Actor Chi McBride’s childhood foreshadowed his career. The Chicago native spent as much time as he could in front of the television and never missed an episode of “The Carol Burnett Show” on CBS. McBride has worked and become friends with some of the most talented people in Hollywood like Eddie Murphy, Will Smith and Tom Hanks. Yet, the 56-year-old is still humble and grounded. Chi sees the bigger picture in life and the impact of his contribution to society, just like his character Captain Lou Grover on “Hawaii 5-0.”
McBride talked with CBS Local’s DJ Sixsmith ahead of tonight’s new episode of the show about his career, his friendship with Murphy and why it’s important to talk about topics that don’t get a lot of attention like suicide.READ MORE: US Secretary Of Commerce Meets With MI Leaders To Discuss Global Chip Shortage
DJ Sixsmith: Who was your biggest influence in your early days as an actor?
Chi McBride: I don’t know, I think it was just the medium itself. I grew up basically a TV kid. I watched TV every chance I got. Of course, my parents being from the Caribbean would always say, “turn off that television boy, it will make your mind dull.” But at the same time, I watched everything. One of the happiest moments I’ve had since being in the business was meeting Carol Burnett. I used to watch “The Carol Burnett Show” every Saturday night on CBS. That whole CBS lineup was indelibly burned into my mind. I wouldn’t say I always wanted to be on television or in pictures, but I always felt like I could do it. There’s a shroud of mystery about how you get into show business, so I didn’t think about it in great detail. I felt like if I ever got an opportunity, I could do it and would do it.
DS: You mentioned meeting Carol Burnett. You’ve met and worked with a lot of talented and special people like Tom Hanks, Will Smith and Eddie Murphy. What have you learned about show business from these people?
CM: I’ve learned many lessons along the way. What show business has taught me more than anything is that in life everything is about perspective. We are capable in show business of making people see a perceived reality. It’s the same in life, everything is about perspective. I’ve had some great times with some great people. I’ve had a lot of wonderful conversations with people. In particular, I’ve had some really good conversations with Eddie Murphy. Eddie is a really good dude. I met him when I did a picture with him and I’ve known him for 25 years now. He’s been a really cool guy and he’s given me a lot of really good advice, known of which I will share. I think sometimes you have to keep something for yourself. There’s an intimacy between friends and everything is not for the public. There are a lot of people in Hollywood, who will tweet every random thought in their head. That’s not what I want to do.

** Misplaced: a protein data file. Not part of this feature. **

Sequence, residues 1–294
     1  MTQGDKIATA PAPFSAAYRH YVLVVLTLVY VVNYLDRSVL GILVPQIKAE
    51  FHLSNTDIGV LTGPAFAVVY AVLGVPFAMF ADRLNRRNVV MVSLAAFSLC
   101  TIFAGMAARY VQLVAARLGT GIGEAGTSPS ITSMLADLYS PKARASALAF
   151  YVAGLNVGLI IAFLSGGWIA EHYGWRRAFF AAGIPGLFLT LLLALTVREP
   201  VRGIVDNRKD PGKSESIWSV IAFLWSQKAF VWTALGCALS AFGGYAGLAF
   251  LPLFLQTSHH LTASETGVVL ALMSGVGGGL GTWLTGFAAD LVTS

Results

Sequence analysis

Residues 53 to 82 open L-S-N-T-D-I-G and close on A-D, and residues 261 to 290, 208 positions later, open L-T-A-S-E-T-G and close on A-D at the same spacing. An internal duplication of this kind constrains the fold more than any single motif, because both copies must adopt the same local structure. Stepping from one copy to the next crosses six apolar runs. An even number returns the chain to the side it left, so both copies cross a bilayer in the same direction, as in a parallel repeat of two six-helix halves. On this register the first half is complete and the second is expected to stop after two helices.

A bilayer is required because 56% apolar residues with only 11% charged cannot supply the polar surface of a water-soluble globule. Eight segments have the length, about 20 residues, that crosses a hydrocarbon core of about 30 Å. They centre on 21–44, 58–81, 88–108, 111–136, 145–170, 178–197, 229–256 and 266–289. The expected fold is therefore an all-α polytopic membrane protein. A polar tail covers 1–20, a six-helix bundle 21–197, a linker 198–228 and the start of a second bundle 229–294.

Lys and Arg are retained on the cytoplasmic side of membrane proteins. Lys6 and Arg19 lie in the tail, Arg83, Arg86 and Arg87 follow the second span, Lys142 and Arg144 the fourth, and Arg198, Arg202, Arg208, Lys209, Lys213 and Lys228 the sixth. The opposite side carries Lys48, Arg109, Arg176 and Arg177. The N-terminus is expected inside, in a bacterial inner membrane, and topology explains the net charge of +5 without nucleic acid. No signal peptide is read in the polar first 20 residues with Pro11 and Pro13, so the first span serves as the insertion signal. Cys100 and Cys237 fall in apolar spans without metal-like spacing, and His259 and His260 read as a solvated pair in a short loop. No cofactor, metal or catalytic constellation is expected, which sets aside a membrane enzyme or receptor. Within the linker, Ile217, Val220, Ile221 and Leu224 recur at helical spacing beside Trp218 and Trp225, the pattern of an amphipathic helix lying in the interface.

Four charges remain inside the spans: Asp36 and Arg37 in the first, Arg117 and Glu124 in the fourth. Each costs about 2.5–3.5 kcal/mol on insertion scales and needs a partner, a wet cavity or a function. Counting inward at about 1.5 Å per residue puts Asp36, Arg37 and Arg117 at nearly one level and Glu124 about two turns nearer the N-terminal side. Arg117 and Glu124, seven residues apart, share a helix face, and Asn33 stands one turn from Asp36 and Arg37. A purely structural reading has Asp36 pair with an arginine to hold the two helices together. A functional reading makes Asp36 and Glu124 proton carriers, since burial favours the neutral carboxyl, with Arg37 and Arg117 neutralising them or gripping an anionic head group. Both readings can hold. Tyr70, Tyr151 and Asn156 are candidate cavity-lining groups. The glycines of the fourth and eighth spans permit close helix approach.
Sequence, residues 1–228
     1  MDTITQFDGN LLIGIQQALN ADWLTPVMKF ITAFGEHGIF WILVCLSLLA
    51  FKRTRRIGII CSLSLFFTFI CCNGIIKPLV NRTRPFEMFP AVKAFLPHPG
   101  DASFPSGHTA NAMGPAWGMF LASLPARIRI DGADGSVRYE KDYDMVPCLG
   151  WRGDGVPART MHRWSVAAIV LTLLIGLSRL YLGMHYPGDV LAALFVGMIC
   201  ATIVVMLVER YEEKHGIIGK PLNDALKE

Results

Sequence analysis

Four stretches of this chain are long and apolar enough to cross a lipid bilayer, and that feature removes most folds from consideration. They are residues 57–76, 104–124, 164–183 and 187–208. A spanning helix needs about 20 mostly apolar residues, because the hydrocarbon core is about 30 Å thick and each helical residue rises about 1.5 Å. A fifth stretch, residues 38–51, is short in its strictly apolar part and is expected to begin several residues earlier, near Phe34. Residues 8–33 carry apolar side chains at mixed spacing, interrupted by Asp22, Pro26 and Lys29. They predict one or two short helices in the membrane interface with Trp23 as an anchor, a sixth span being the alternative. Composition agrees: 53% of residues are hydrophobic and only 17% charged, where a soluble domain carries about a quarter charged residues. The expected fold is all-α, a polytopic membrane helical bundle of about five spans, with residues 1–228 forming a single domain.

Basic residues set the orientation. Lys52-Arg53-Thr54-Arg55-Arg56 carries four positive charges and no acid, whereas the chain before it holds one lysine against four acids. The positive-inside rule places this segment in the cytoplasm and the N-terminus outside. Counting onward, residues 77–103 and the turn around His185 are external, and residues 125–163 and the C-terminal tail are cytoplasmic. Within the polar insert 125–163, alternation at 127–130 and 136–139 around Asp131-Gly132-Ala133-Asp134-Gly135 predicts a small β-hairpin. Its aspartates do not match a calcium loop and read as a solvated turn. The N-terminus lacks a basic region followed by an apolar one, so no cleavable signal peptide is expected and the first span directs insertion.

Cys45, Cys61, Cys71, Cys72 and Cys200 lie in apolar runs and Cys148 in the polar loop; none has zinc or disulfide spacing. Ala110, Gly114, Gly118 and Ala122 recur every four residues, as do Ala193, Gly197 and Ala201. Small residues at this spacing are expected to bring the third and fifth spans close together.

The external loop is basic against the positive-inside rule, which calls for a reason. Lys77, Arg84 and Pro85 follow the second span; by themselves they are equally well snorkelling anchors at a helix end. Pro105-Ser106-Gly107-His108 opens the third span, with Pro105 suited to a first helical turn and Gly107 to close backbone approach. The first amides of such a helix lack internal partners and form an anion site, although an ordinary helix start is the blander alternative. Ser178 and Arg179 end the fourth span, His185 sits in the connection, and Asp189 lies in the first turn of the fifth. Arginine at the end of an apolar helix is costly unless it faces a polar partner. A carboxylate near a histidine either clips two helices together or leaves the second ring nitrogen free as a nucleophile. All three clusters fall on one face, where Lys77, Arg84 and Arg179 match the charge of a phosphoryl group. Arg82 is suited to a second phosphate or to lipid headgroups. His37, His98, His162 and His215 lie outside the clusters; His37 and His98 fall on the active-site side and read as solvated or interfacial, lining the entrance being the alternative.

DS: Let’s talk about “Hawaii Five-0. What has been the main reason for the show’s success?READ MORE: Journalist Danny Fenster Helps Light Menorah In Detroit
CM: The audience. They tune in every week and the beautiful thing about Five-0 is that it’s shot so beautifully. It’s in such a beautiful location and people get to take a little trip to Hawaii every Friday night and I think they like that. It’s real escapist television, but at the same time we are able to now and then touch on a variety of subjects that don’t see a lot of light like human trafficking and suicide. Things that people don’t talk about and probably should and probably contemplate what their contribution could be to prevent it or stop it. It’s got the best of all world in terms of entertainment. It’s beautiful to look at, there’s comedy, there’s action, there’s adventure and a little bit of conscious stirring going on as well.
DS: On tonight’s episode, your character dives into the topic of suicide. What was it like to put this episode together?
CM: The episode affected me in a very profound and personal way. Aside from giving you more of an insight into the characters, this is a subject matter that is difficult to tackle and something that people tend to brush off. It’s sad to hear about and that’s about it. I hope this episode will encourage people to take a little closer look and look out for your brother or your sister because you just never know what asking a simple question like, “you ok” can do. We got to look out for each other. There’s so many people in this world including me, who find themselves being the go to person for all their friends for advice. If you have that skill and you have some free time, you could be an excellent candidate to be trained to work on a suicide prevention line. I can’t imagine a more rewarding experience than doing anything at all to contribute to a person not taking that final step because it truly is a final step.
DS: When you think about your character Captain Lou Grover, how has he grown throughout the show?
CM: From an audience perspective, you’ve gotten a deep dive into what makes this man tick and the things that he’s been through. We know that his first love in his whole life is his family. He loves his wife and loves his kids. He can sometimes be a very firm Dad, but he’s not in the business of being his kids’ best friend. He’s in the business of raising his kids. With Will in particular, he doesn’t look at him as raising a boy, but instead raising a man. He’s a really fine example of a person who albeit flawed, is a guy who completely buys in to making a positive contribution to society with his job and his family.
Watch “Hawaii Five-0” tonight at 9pm EST/PST.MORE NEWS: Police Arrest 2 People After 63-Year-Old Woman Was Raped Outside Detroit Church